City’s busiest clinic relocating three blocks north
WHITTIER — Hennepin County Medical Center (HCMC) plans to hopscotch over the Lake Street Kmart and the Midtown Greenway, moving its busy West Lake Street clinic three blocks north to Eat Street.
In late April, HCMC was still negotiating the purchase of nearly three and a half acres in Whittier, but HCMC Vice President Mike Harristhal said he was confident the sale of the former GFI America, Inc. meatpacking plant site would go through.
Harristhal said construction of a new primary care clinic would begin by fall, with the opening tentatively scheduled for fall 2009. The $30 million project would more than double the size of the current Family Medical Center, to 60,000 square feet from about 23,000 square feet, he said.
About 50,000 patients pass through the Family Medical Center each year, making it the busiest of four primary care clinics operated by HCMC in Minneapolis and suburban Hennepin County. The current location at 5 W. Lake St. was designed for only about 20,000 visits per year, Harristhal said.
“We have an incredible need to provide physical facilities that are comparable to the high-quality care we provide,” he said.
Minneapolis-based Swervo Development Corp purchased the GFI site in 2005 for $3.3 million, according to Hennepin County records. It was last appraised at about $2.6 million.
HCMC spent several years looking for a new clinic location and had, at one time, considered the Kmart site. City and county officials considered HCMC a likely partner in the eventual redevelopment of that site, which would include the reopening of Nicollet Avenue, said City Council Member Robert Lilligren (6th Ward).
“The resources (and) the dollars that (HCMC) would bring to that development have long been considered part of the kitty at the Kmart site,” Lilligren said.
With their clinic bursting at the seams, HCMC officials apparently decided they couldn’t wait any longer to develop a deal for the Kmart site. Still, Lilligren and Whittier neighborhood leaders remained hopeful HCMC would still play a role in reconnecting the severed transportation artery.
“Done well, redevelopment on that site can add momentum to the reopening of Nicollet,” Lilligren said. “Done poorly, it could mess it up.”
Planning for growth
HCMC continued to hammer out the details of the new Family Medical Center as it worked to close a deal for the site.
“We will, at the minimum, offer the current scope of services,” Harristhal said.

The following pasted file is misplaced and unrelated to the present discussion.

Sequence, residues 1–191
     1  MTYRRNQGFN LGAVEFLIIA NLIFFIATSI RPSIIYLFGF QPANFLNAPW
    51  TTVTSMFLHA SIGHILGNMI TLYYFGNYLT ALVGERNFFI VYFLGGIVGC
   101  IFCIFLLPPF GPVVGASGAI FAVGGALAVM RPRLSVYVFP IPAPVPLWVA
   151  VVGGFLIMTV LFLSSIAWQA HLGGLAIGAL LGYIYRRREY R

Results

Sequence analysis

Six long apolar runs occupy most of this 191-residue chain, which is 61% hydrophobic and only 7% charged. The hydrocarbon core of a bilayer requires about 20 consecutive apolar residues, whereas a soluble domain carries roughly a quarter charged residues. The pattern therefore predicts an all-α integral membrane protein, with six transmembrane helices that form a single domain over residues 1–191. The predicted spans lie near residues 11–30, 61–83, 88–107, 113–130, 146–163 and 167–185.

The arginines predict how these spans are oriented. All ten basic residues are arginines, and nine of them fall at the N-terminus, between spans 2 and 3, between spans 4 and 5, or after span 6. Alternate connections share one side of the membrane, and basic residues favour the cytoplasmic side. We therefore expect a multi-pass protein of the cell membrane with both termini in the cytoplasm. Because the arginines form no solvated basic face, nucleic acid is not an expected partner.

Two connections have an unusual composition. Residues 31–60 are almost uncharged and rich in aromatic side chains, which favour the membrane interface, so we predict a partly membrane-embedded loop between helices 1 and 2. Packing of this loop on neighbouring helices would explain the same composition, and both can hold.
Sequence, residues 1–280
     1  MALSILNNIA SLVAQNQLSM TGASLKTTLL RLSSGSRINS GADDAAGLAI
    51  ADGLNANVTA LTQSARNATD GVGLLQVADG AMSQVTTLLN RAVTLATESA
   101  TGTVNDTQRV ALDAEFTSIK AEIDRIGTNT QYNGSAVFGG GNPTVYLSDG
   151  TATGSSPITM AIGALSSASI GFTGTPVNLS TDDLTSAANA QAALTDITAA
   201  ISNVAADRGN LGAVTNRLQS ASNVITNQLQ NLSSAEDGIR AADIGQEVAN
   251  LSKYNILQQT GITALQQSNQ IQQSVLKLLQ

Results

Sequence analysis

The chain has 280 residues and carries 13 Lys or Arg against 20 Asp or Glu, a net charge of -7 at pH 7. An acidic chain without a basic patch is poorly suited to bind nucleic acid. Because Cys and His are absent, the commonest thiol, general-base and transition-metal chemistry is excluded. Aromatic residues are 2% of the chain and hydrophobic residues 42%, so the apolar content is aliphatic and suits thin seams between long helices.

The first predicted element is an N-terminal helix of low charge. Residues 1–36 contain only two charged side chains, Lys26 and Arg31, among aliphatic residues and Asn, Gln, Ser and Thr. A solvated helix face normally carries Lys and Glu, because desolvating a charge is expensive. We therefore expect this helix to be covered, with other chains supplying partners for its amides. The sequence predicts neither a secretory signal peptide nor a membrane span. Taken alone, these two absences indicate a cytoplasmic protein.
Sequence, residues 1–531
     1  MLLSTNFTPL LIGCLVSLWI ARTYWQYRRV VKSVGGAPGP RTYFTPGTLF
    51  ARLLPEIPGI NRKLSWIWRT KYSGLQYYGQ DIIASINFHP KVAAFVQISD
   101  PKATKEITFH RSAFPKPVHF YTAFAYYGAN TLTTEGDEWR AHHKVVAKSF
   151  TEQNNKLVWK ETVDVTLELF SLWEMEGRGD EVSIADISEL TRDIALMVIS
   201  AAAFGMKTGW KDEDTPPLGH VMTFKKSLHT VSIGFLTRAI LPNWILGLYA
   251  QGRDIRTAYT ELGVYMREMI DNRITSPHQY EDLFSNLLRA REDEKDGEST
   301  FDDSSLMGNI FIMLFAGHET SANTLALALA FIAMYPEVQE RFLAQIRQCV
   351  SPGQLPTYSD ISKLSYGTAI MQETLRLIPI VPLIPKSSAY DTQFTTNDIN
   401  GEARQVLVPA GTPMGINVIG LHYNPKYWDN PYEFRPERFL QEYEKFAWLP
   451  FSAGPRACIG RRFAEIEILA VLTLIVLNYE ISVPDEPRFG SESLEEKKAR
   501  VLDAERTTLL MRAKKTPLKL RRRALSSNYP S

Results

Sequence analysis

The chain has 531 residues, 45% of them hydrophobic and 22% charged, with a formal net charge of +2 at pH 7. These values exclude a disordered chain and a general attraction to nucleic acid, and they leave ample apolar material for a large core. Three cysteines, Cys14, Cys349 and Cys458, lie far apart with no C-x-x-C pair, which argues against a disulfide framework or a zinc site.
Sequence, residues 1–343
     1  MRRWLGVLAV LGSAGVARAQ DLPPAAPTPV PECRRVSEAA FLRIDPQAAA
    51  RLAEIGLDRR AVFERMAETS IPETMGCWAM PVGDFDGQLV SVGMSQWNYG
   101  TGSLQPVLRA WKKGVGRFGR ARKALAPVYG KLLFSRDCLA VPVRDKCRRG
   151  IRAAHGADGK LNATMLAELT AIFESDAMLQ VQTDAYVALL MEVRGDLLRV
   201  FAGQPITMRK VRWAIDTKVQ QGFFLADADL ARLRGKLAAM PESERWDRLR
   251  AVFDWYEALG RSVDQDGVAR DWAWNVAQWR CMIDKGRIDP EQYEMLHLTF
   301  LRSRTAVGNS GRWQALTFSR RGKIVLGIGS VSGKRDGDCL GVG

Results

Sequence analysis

As planning for the clinic progresses, though, HCMC could add specialty services and programs, he said.
The design of the new clinic was also vague early in the process, but HCMC had tentative plans to attempt LEED certification for the new clinic. The standards of LEED, or Leadership in Energy and Environmental Design, set the national benchmark for environmentally friendly design.
Harristhal said a planned two-story clinic would take up only a portion of the large GFI site, which consists of the entire block bounded by Nicollet and Blaisdell avenues and 28th and 29th streets.
“What we intend to do is develop our clinic building toward the northern side of the block to permit flexibility longer term,” he said.
That flexibility will allow for a possible second phase of development. At the current rate of growth, the new Family Medical Center could require expansion within five to seven years of construction,
In discussions with neighborhood leaders, he left open the possibility for other types of development on the site, as well.
Whittier Alliance Board President Erica Christ, whose family owns The Black Forest Inn at the corner of Nicollet Avenue and East 26th Street, said retail or office development could bring a welcome boost in daytime traffic. Nicollet Avenue is busiest on nights and weekends, when people head to restaurants on Eat Street, Christ said.
Still, she allowed, a busy new clinic would boost daytime traffic on its own.
“There will be hungry people there,” she said.
Hoping for a ‘catalyst’
More people walking and driving on Nicollet Avenue is just what the neighborhood needs, said Whittier Alliance Executive Director Marian Biehn.
Biehn said an attractive, pedestrian friendly development could be the “catalyst” required to reconnect Nicollet Avenue between Lake Street and West 29th Street, where it is interrupted by the Kmart building. On the other hand, Biehn added, an unwelcoming, institutional building could deaden traffic on that section of Nicollet Avenue.
“I’ve mentioned to HCMC that it really puts a burden on them to showcase that corner,” she said.
A joint task force formed by HCMC and the Whittier Alliance met for the first time in March, and could continue to meet throughout planning and construction of the clinic.
“We’re trying to work with them and identify some of the neighborhood preferences and goals,” she said.
Lilligren said HCMC’s decision not to wait for the Kmart site was, in one sense, “a loss to the reopening of Nicollet.”
Looking at it another way, he said, growing density north of the Kmart could be an even greater force to reconnect Nicollet Avenue.
“If anything,” he said, “it would accelerate it.”